Cowgill is a distributed village in the South Lakeland District of Cumbria, located about 3½ miles east of the village of Dent and 7 miles south-east of Sedbergh. It is comprised of several houses and farms spread over Upper Dentdale around the point where Cowgill Beck joins the River Dee. St John's Church here dates from 1838. Historically, Cowgill was an ecclesiastical district and part of the ancient parish of Sedbergh in the West Riding of Yorkshire. Cowgill became part of the new county of Cumbria in 1974 and forms part of Dent Civil Parish.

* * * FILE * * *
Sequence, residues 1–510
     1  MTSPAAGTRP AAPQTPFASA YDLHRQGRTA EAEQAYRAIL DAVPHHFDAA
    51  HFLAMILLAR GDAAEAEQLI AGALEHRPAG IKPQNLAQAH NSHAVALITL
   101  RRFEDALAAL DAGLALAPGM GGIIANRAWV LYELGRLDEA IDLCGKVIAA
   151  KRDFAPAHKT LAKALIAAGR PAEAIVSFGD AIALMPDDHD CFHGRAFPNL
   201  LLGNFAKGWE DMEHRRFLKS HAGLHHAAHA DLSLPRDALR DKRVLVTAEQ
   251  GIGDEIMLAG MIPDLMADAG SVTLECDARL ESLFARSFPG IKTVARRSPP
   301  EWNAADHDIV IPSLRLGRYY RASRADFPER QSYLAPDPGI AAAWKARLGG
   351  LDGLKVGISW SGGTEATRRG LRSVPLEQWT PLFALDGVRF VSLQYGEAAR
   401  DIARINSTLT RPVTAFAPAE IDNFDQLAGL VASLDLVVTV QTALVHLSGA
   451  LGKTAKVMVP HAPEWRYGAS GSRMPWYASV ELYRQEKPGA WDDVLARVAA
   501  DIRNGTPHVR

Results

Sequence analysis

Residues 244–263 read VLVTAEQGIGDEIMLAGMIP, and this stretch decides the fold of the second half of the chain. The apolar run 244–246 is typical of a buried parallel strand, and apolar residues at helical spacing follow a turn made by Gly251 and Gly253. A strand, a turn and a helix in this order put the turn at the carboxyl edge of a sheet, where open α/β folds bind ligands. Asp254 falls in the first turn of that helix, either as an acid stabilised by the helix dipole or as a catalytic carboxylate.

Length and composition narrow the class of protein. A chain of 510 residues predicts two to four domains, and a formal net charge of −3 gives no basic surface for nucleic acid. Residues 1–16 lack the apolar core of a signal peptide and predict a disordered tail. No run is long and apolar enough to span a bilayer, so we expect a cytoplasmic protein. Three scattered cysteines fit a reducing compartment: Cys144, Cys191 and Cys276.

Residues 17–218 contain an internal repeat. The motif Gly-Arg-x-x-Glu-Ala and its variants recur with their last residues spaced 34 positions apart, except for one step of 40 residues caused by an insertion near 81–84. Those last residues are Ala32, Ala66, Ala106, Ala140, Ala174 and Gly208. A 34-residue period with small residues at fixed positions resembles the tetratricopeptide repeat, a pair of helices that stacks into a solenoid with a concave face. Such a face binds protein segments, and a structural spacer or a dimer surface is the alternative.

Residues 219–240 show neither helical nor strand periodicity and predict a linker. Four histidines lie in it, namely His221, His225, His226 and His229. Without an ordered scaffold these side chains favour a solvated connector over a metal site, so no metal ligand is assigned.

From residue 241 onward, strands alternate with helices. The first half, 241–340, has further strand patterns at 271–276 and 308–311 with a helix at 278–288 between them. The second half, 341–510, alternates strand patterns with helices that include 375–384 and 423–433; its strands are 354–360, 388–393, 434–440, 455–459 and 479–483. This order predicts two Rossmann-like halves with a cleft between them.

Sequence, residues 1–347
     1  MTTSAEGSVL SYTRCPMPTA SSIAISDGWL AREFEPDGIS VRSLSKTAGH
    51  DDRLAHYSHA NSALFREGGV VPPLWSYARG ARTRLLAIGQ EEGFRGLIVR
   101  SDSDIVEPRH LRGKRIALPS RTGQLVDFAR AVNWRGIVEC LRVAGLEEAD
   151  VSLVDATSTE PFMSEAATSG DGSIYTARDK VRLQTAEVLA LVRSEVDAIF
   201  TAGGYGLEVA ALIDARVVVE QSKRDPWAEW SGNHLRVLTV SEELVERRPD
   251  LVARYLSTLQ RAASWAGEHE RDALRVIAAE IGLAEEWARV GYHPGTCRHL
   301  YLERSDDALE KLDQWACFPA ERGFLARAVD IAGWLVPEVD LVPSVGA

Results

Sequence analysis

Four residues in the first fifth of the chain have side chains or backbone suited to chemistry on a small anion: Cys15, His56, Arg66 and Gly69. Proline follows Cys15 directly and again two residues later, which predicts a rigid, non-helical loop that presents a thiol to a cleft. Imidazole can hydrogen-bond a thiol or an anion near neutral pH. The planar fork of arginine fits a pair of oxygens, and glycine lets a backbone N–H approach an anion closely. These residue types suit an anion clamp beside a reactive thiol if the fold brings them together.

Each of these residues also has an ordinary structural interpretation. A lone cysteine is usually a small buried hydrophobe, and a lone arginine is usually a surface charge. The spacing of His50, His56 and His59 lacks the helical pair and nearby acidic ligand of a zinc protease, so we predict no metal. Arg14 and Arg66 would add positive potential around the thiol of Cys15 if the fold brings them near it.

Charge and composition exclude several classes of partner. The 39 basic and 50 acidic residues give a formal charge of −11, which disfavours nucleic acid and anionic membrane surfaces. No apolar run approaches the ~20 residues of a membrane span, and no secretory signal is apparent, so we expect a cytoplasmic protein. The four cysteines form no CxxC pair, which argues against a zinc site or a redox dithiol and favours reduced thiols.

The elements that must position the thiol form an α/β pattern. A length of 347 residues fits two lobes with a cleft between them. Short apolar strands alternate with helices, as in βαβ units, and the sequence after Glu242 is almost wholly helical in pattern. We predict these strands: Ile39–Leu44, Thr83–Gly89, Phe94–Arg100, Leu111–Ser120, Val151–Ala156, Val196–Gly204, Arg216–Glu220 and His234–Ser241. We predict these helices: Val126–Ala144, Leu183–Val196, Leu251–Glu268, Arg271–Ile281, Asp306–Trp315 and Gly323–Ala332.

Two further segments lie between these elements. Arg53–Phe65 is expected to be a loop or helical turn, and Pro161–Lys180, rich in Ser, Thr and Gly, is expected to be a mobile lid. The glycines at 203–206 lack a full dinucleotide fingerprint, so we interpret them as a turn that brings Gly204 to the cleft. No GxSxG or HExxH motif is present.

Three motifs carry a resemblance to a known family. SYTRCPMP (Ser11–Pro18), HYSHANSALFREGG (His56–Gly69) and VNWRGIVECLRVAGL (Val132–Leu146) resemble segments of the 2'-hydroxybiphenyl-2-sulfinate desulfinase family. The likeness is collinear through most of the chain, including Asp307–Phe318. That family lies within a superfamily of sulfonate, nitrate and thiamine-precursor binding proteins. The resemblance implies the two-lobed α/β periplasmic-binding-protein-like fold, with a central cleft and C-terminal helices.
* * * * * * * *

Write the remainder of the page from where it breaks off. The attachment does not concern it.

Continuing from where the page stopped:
COWGILL, an ecclesiastical district, in the parochial chapelry of Dent, parish and union of Sedbergh, W. division of the wapentake of Staincliffe and Ewcross, W. riding of York, 9 miles (S.E. by E.) from Sedbergh; containing about 500 inhabitants. It lies south of Rysell Fell, and partakes much of the scenery of the chapelry at large: the river Dee passes in the vicinity. Here are some small collieries, of which the veins of coal are from six to fifteen inches deep. The living is a perpetual curacy, in the patronage of five Trustees; income, £100. The church stands at the head of a picturesque vale, four miles east from Dent, and is a small neat structure with a campanile turret, built by subscription, in 1838, at a cost of £750: to the building and endowment, Professor Sedgwick contributed £100. There is a place of worship for the Society of Friends, in which Fox has preached, and attached to which is a school. A Sunday school is connected with the church.